The third and final film in the musical comedy Pitch Perfect franchise continues to follow the a capella group The Barden Bellas as they perform as one of the acts on a USO tour. Out lesbian character Cynthia Rose again returns. Though Cynthia Rose mentioned a fiancé in the previous film, she is nowhere to be found here, and Cynthia Rose is delegated to the sidelines for the majority of the film. Ultimately, she had no real impact on the plot of the film and her removal would not make any significant difference.

The film includes jokes about Chloe being attracted to her fellow Bella, Beca. There are references to “that one time” the girls were on top of each other, and an extended joke with Chloe accidentally grabbing Beca’s breasts as the two hide. None of these jokes ever pay off with an actual romantic moment between the women.

Though it is good to see Cynthia Rose as a lesbian character included in this group of women, it is disappointing that there were more jokes in this franchise about queer women than actual storylines with them.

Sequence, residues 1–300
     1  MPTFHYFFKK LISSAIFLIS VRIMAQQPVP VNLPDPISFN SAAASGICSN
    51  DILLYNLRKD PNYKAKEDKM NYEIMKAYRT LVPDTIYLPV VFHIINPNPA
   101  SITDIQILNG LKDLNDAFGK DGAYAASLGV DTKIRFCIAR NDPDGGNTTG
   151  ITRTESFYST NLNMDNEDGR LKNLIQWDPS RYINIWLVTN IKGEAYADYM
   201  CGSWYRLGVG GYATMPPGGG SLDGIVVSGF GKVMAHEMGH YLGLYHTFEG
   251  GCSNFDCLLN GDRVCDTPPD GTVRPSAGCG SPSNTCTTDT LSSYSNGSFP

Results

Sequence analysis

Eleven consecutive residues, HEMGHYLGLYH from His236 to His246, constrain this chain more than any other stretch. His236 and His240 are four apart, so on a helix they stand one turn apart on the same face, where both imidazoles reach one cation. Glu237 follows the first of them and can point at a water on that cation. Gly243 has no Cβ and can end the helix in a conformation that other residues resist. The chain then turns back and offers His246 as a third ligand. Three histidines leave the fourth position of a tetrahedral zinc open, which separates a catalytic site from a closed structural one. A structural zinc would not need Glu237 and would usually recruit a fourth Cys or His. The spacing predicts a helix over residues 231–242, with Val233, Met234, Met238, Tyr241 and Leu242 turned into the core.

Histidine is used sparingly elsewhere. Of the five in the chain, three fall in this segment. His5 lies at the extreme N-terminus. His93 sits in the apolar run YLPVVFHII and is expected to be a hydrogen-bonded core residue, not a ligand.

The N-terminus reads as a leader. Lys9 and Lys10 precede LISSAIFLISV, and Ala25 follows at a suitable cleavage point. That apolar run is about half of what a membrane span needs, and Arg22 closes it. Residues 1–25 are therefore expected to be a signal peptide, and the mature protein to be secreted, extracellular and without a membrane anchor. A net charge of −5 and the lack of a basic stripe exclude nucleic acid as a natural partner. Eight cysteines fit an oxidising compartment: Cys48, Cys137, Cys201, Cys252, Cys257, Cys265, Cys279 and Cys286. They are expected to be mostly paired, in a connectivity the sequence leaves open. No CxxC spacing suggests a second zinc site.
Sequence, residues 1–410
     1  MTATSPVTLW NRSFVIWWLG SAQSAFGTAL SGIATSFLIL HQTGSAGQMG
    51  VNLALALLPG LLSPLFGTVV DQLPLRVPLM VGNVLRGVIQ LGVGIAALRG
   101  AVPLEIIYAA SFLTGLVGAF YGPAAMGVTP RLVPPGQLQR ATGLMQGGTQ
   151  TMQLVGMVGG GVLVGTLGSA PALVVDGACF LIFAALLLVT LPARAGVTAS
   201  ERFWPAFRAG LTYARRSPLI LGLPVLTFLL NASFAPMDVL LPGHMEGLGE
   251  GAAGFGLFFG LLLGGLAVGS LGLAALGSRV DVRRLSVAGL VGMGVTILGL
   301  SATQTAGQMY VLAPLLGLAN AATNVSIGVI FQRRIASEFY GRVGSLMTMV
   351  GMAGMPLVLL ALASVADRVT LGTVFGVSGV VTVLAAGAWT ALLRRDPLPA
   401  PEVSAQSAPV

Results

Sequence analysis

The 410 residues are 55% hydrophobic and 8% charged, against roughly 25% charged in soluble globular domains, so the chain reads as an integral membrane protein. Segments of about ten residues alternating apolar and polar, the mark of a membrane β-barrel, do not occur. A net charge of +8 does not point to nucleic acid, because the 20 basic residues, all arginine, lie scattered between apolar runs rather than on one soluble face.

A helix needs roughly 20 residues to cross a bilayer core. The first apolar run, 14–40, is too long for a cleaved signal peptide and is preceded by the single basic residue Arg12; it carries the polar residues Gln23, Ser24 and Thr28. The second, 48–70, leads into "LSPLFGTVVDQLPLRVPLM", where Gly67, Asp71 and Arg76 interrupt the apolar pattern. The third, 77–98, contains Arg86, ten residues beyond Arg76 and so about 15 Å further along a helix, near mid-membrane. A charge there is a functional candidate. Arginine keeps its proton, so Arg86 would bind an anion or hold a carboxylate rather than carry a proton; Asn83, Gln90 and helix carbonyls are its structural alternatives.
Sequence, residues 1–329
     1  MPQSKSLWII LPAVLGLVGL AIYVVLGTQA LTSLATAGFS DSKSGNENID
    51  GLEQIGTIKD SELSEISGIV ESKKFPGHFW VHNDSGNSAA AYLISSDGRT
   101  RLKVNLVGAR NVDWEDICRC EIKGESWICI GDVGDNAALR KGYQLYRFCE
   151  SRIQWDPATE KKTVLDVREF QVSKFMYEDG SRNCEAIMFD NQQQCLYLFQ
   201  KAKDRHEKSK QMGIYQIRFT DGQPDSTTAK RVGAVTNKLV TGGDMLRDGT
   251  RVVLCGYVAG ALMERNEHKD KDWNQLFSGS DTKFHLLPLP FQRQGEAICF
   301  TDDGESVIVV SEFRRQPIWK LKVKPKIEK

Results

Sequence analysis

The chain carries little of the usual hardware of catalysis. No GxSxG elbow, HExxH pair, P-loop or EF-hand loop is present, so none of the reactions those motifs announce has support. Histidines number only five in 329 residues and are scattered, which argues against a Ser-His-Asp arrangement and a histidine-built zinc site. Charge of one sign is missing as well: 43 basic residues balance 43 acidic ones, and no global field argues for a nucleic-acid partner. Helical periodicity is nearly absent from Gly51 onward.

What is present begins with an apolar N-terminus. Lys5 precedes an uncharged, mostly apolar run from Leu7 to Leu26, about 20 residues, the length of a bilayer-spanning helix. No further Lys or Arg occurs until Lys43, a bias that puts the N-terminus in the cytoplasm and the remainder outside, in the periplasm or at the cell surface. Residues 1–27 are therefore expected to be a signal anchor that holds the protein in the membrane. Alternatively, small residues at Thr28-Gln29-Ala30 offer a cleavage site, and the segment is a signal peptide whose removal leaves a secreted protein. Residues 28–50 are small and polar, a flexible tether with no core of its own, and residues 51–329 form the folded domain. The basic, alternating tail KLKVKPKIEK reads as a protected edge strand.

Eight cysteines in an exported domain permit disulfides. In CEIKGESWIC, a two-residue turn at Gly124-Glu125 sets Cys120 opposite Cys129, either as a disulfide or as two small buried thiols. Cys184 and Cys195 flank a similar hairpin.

Fails Vito Russo Test

Widest theatrical release: 3,373 theaters

The newest thriller from M. Night Shyamalan follows Kevin, a man with 23 different personalities battling for dominance and his kidnapping of three teen girls. During this time, Kevin is in therapy as one of his most functioning personalities, Barry. While actor James McAvoy and some press outlets described Barry as gay, Barry never discusses his sexuality himself. Barry is a fashion designer with flamboyant mannerisms, but this alone does not define him as gay. Further, much of Barry’s screen time turns out to be another personality, Dennis, who is pretending to be Barry. As Barry never talks about his sexual orientation and is never shown with a love interest, GLAAD did not count him in its tally.

The Snowman

Fails Vito Russo Test

Widest theatrical release: 1,815 theaters

This horror-mystery includes Jamie Clayton, an actress who is transgender, as Edda, the tech manager for the police station. The film does not give Edda much of a story outside of her work duties. Since nothing in the film identifies Edda as trans, GLAAD did not count Edda as a trans character. We hope to see more opportunity in future for trans actors to play transgender characters, bringing their own authenticity to those stories, as well as portraying characters who are not necessarily written to be trans.